by Charles Nash

EDGE Media Network Contributor

Friday October 31, 2014

Daniel Radcliffe stars in 'Horns'
Daniel Radcliffe stars in 'Horns'  

During the opening narration for Alexandre Aja's latest film, "Horns," the film's protagonist, Ig Perrish (Daniel Radcliffe) states, "Sometimes, when you go through Hell, the only way out is to walk deeper into the fire."

Ironically, as a film critic sitting through this muddled motion picture, I felt the same way. Only Hell was a metaphor for the movie itself, and the only way to escape the incessant flames of its schizophrenic inferno was to endure them, knowing the pain would be over in time.

After his gorgeous girlfriend, Merrin Williams (Juno Temple) is brutally raped and murdered, Radcliffe's Ig becomes the primary suspect. Reporters and enraged citizens of his New England town swarm outside of his home on a daily basis, questioning, "What does it feel like to get away with murder?" and exclaiming, "You ask God to save your soul," whenever he steps outside.

Following a depressive, drunken one-night stand with a childhood friend, Gienna (Kelli Garner), a grotesque pair of horns painfully begins to sprout from Ig's forehead, and everyone with whom he comes in contact is suddenly acting out in filthy, uncensored ways. Gienna gratuitously shoves six donuts into her mouth, a toddler screams about wanting to set her mother on fire, and Ig's own parents state they don't want him to be their son anymore.

Oh, and he also seems to have the same supernatural ability that Bruce Willis had in "Unbreakable," where if he touches someone, he receives visions of their past sins.

Certain scenes revel in Cronenbergian body-horror, while others feel straight out of a gooey Nicholas Sparks adaptation, and nearly all of the supporting players sound like they're out of some toothless John Waters rip-off.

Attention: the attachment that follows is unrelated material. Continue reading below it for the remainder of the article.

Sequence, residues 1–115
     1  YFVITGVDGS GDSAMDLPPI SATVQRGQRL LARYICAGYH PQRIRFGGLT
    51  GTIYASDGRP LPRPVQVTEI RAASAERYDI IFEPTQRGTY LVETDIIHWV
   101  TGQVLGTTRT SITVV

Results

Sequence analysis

Filled with rage and self-loathing, Ig eventually learns how to harness these corruptive sensibilities to his advantage in his search to track down the true identity of his lover's killer, and what initially seems like a curse progressively morphs into a twisted kind of blessing.

Based on a novel of the same name by Joe Hill (the son of Stephen King), "Horns," much like its tortured main character, has an identity crisis. Certain scenes revel in Cronenbergian body-horror, while others feel straight out of a gooey Nicholas Sparks adaptation, and nearly all of the supporting players sound as though they're out of some toothless John Waters rip-off. It's as if these three guys incompatibly teamed up to produce some lame-brained, tonally jarring remake of "The Crow."

The equally disjointed plot travels back and forth in time as an attempt to flesh out the characters, but by structuring the story in such a way in that Merrin is only seen through flashbacks, she's reduced to little more than a plot device for her male counterpart. Apart from a few corny montages in which she and Ig snuggle on a picnic blanket and have teenage fuckfests in a treehouse, we never get a solid glimpse as to what their relationship was like before her murder, nullifying any kind of emotional connection they supposedly have with one another. Merrin merely exists to get naked, break Ig's heart, and then die horribly after being sexually assaulted for no purpose other than to provide cheap, manipulative shock value for the audience.

It's a shameful waste of Juno Temple, a remarkably talented actress who, oddly enough, also starred in William Friedkin's brilliant film adaptation of "Killer Joe," where she played another character who deals with sexual abuse. Yet, at its heart, that picture was ultimately about Temple learning to fight back against the men who treated her as an object, which only made watching the exploitative acts of misogyny committed against her character in "Horns" all the more upsetting.

The one strong element of the film that's put to good use is Radcliffe, who provides Ig with a surprising amount of depth, despite the grisly, dim-witted material he's stuck with here. His performance is so refreshingly raw compared to his glory days at Hogwarts, that it's almost, almost enough to make you forget how reprehensible the rest of the picture is.

If there's a single decent line in "Horns" that made me think it could possibly go in an interesting direction, it's during an exchange Ig has with his father, who tells him, "Way more people kill out of love than out of hate." It's a fascinating notion to explore, yet, not only does the film betray this idea during the reveal of its central mystery, but it proves to me that Aja, who's known for his equally grisly gore fests such as "High Tension" and "The Hills Have Eyes" (2006), may kill off his characters out of love -- but it's a nihilistic, bloodthirsty manifestation of love that celebrates violent forms of hate.